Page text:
China's top diplomat told the country's Olympic athletes to behave in a "modest and unassuming" way in London, state media reported on Friday, as the country tries to manage expectations for a team which topped the medals table in Beijing in 2008.
By the time the Beijing Games closed on Aug. 24 2008, China had earned 51 golds, leapfrogging the United States' 36 golds and topping the medals table for the first time.
With all eyes on whether China will be able to repeat that feat in London, State Councillor Dai Bingguo, China's top diplomat and the government's representative to the opening ceremony, sought to temper emotions.
"We are still a developing country and should keep a modest and prudent attitude even though China is becoming more and more globally influential,” the official Xinhua news agency cited Dai as telling the Chinese team in London.
"We are considered a big sporting country but we are still not a sporting giant. There are still gaps between China and global sports giants in many aspects. We must be modest and unassuming in learning from other countries and continue to raise our athletic abilities," he said.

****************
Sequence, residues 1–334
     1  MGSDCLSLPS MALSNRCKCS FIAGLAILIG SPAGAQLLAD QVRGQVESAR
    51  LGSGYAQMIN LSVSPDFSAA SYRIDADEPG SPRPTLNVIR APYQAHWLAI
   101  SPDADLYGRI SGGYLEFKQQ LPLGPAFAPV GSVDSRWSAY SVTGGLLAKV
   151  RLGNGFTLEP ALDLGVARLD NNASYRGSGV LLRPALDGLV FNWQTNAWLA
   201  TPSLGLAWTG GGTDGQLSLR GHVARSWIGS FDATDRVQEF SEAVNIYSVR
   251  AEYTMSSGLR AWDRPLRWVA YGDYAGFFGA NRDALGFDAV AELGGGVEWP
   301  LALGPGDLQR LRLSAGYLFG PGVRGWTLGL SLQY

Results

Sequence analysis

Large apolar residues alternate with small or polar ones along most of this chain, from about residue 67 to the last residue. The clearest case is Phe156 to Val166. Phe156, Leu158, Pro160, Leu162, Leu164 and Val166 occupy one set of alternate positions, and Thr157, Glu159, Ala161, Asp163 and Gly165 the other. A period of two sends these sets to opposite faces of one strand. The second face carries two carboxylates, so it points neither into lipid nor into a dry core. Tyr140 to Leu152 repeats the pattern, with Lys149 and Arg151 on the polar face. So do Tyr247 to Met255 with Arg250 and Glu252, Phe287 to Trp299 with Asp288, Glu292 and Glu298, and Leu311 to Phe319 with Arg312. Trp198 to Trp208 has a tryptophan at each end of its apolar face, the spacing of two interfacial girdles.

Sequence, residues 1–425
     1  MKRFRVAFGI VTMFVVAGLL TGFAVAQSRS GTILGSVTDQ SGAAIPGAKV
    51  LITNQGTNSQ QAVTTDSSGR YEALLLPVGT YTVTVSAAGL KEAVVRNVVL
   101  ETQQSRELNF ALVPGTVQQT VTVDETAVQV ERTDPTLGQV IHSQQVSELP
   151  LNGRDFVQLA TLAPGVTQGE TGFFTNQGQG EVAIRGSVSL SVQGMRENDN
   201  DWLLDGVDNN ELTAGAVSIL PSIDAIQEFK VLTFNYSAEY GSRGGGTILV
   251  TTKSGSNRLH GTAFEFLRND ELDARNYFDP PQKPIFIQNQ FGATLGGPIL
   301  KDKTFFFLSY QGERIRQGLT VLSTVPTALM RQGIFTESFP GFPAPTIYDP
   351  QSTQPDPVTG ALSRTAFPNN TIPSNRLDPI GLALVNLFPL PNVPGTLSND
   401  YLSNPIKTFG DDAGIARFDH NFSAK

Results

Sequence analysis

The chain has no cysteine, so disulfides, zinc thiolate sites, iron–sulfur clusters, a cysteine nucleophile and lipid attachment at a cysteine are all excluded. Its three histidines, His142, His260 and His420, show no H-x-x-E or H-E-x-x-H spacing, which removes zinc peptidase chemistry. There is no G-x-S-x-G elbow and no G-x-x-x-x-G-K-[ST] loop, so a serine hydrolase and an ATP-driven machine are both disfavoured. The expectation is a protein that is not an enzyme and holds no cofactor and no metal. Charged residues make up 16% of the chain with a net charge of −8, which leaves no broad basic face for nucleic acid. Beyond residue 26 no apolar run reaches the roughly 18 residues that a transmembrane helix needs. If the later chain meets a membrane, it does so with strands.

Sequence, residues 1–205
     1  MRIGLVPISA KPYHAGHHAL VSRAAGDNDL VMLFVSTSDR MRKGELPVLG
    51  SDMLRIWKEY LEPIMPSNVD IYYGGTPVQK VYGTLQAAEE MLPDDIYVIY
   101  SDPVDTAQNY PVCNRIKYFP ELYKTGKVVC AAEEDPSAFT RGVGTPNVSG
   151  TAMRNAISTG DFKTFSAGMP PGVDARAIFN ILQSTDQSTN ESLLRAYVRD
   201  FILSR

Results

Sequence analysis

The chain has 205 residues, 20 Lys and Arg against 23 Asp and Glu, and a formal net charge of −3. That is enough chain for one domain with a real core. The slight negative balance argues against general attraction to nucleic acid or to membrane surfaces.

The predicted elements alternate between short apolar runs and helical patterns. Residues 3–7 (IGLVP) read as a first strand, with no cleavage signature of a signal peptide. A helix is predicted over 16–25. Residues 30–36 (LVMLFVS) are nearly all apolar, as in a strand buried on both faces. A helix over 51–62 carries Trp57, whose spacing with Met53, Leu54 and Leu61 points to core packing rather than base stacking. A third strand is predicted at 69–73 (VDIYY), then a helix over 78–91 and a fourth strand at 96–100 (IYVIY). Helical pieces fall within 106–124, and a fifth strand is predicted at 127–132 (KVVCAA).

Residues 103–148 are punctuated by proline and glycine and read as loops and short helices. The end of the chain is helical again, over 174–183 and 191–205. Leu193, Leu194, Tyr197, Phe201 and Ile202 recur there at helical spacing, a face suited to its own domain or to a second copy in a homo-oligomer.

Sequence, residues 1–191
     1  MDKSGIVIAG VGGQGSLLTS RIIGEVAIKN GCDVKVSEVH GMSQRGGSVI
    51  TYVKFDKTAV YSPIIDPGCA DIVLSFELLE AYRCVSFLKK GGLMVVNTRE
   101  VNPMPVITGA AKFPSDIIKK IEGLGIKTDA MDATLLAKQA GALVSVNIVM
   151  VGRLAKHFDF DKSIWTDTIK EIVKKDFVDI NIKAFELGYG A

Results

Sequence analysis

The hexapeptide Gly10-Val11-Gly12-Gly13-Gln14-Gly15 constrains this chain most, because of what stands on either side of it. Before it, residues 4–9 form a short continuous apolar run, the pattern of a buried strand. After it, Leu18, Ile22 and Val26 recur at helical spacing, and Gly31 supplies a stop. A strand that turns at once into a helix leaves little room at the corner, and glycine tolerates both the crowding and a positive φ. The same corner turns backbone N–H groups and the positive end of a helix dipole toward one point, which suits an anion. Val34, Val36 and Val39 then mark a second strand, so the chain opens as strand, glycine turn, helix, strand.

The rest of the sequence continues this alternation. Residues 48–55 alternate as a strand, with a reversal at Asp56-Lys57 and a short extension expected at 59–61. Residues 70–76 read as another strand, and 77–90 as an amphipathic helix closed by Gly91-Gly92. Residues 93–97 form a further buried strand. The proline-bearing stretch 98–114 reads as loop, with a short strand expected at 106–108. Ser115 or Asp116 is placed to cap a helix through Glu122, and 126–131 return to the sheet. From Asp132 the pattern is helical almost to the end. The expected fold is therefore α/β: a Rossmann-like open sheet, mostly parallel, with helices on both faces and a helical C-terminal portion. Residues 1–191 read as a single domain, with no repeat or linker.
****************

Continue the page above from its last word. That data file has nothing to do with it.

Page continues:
Cav hails 'dream team'
Tour de France sprint king Mark Cavendish believes a 'dream' British cycling team can notch what could be the hosts' first gold medal of the Games at the Olympic men's road race on Saturday.
Only six days after Cavendish played a role in Bradley Wiggins' historic yellow jersey triumph, the race's 23-times stage winner starts as the favourite for the 250 km men's road race on the opening day of competition.
A host of challengers like Germany's Andre Greipel and Slovakian Peter Sagan stand in his way, but Cavendish believes Britain's five-man team have the edge.
"It's the dream team," said the 27-year-old from the Isle of Man. "If we wanted to win this bike race we couldn't be in a better situation team-wise."
Britain will line up with a five-man team notably including Wiggins and Scot David Millar armed with a plan to deliver Cavendish to the home straight in the perfect position for a bunch sprint. If the plan comes together, the 'Manx Missile' -- going on his recent form -- will be hard to beat.
Crowned the world champion in 2011, Cavendish put some doubts over his form early in the Tour de France to bed with two, stunning late wins in the race. "We've got the fastest man in the world and I guess it's for other people to combat that," said Wiggins.